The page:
How Do You Get Rid of Fluid on the Knee?
The best treatment for an effusion depends on the cause. Here are some of the most common solutions:
Rest and Elevate
One of the main ways to reduce fluid in the knee joint is to rest — especially if the cause of the effusion is overuse or injury, according to the Cleveland Clinic. That means holding off on activities and perhaps even using support while you walk, like a cane.
Apply Cold or Heat
Applying cold or heat to your knee may help reduce pain and fluid buildup, particularly if you have an injury or arthritis, per the Cleveland Clinic.
When using ice or freezer packs, don't place them directly on the skin — instead, wrap them in a towel before placing them on your knee.
What Happens if Water on the Knee Is Left Untreated?
What happens to your knee depends on the underlying cause of the effusion. But in general, neglecting to rest and treat your joint likely won’t contribute to any healing, according to the Cleveland Clinic.
Whether the cause of your pain is an injury, arthritis or something else, it’s crucial that you address the root issue in order to ease your symptoms.
Wear a Knee Brace
In some cases, a knee brace can help stabilize and heal your joint. For instance, if you have an effusion due to a ligament injury, you may benefit from a wrap, according to a January 2022 StatPearls article.
Talk to your doctor before trying a brace or wrap, though, to make sure it's the right approach for how to get fluid off your knee.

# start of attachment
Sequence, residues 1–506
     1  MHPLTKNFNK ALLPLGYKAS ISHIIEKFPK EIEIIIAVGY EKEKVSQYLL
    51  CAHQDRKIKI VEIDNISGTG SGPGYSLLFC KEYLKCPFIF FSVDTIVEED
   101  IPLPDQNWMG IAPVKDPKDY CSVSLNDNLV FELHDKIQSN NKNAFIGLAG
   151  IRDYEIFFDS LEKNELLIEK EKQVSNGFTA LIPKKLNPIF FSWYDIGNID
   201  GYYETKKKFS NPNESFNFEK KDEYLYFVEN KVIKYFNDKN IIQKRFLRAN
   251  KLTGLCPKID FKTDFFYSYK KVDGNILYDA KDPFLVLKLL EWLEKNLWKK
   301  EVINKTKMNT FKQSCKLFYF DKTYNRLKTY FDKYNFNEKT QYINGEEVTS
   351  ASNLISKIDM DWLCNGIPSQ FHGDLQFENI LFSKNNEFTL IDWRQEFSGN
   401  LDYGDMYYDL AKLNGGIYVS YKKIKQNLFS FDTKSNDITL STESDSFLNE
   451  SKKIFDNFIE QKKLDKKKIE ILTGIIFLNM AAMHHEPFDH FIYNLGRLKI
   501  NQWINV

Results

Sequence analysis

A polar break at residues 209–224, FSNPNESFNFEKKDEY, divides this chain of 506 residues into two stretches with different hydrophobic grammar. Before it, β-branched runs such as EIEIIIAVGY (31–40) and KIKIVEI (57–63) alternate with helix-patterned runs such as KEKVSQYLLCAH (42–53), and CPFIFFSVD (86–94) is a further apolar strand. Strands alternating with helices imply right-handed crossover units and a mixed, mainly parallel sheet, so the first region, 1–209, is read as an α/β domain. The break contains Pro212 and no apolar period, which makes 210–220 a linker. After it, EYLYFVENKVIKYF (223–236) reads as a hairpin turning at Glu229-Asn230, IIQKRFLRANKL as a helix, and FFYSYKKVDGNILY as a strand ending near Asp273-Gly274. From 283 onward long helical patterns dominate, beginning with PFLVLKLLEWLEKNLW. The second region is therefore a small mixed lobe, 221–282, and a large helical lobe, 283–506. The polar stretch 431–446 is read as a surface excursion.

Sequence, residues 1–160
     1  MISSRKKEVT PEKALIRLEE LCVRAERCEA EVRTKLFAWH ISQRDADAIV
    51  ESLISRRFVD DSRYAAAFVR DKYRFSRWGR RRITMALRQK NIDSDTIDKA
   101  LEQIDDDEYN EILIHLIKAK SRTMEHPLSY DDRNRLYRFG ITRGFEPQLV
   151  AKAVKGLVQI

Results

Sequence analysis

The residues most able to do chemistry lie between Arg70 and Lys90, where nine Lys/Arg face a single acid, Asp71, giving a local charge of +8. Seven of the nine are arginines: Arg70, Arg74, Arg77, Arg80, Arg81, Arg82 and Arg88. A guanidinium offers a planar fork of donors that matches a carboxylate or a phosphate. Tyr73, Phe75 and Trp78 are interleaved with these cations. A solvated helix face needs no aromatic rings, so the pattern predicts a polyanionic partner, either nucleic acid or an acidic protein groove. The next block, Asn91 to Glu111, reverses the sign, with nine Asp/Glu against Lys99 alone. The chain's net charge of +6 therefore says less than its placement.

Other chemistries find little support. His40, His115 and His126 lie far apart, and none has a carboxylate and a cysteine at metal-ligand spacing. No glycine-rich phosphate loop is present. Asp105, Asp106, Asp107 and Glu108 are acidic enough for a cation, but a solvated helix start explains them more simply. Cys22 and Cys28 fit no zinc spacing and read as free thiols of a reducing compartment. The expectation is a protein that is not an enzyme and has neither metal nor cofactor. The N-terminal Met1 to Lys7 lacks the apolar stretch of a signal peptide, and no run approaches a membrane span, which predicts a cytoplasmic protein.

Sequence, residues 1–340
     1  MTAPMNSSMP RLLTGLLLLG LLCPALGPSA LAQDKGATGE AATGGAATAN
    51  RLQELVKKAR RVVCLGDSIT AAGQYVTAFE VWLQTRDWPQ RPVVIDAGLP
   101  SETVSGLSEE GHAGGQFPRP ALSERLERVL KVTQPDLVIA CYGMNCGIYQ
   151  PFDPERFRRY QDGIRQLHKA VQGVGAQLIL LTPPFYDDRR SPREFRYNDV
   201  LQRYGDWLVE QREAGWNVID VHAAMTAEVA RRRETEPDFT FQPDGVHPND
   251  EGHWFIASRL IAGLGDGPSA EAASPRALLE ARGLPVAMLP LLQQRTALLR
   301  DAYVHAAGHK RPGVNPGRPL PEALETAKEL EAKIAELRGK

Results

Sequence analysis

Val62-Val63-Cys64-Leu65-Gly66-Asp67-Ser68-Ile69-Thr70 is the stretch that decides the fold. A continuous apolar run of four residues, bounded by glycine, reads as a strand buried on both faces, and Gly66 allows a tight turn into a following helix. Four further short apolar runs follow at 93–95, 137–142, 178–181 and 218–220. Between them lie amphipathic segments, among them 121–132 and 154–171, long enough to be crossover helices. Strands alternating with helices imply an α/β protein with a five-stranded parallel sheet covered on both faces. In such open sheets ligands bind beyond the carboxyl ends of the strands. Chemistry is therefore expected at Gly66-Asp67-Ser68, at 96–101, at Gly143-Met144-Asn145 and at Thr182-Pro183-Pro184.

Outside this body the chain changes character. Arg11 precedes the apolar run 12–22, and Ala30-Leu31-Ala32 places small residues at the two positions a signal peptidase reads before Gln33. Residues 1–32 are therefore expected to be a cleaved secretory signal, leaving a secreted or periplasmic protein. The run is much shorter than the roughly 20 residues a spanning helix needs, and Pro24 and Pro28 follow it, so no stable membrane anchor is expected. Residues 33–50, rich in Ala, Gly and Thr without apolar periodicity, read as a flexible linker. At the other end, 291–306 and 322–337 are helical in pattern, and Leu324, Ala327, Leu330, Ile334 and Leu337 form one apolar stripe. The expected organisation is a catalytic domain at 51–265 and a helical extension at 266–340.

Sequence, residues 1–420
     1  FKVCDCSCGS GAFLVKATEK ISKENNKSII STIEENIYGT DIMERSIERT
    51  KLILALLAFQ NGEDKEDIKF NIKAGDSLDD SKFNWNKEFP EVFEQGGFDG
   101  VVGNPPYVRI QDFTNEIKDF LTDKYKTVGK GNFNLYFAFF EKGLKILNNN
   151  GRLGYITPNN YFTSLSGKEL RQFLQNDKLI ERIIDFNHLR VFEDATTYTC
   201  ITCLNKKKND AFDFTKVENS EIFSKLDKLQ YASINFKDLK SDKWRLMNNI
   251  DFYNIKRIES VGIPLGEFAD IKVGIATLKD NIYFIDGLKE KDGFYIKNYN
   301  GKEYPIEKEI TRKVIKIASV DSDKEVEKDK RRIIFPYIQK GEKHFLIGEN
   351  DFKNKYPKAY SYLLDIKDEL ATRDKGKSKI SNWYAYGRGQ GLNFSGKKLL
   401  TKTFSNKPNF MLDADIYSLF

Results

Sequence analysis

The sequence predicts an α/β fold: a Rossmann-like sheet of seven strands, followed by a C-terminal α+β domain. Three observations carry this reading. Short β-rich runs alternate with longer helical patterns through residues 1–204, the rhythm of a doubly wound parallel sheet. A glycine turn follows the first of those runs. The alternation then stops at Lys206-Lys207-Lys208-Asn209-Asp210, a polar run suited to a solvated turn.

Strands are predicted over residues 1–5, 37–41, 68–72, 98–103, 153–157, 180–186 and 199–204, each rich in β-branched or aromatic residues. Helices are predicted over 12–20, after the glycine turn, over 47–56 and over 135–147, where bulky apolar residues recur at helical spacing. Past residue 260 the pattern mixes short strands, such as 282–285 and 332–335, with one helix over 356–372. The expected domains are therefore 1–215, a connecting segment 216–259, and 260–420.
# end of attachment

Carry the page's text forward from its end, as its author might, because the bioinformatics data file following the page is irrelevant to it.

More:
Consider Over-the-Counter Medications
Over-the-counter nonsteroidal anti-inflammatory drugs like ibuprofen (Advil, Motrin) or naproxen (Aleve) may also help relieve the pain in your knee, especially if it's the result of an injury or arthritis, according to the Cleveland Clinic.
If over-the-counter medications are ineffective, ask your doctor about prescription medications. If your knee effusion is due to rheumatoid arthritis or gout, your doctor may prescribe medicine specific to these conditions, per the Cleveland Clinic. Similarly, an effusion caused by septic arthritis or an infection may require antibiotics.
Drain the Fluid
In certain cases, your doctor may recommend removing the excess fluid in your knee.
So, what is the best way to drain fluid from your knee? Through a needle inserted into the joint (a procedure called arthrocentesis), according to the Mayo Clinic. This can help reduce swelling and may also help determine the cause of the effusion, as your doctor will likely send a sample of the fluid to the lab for analysis.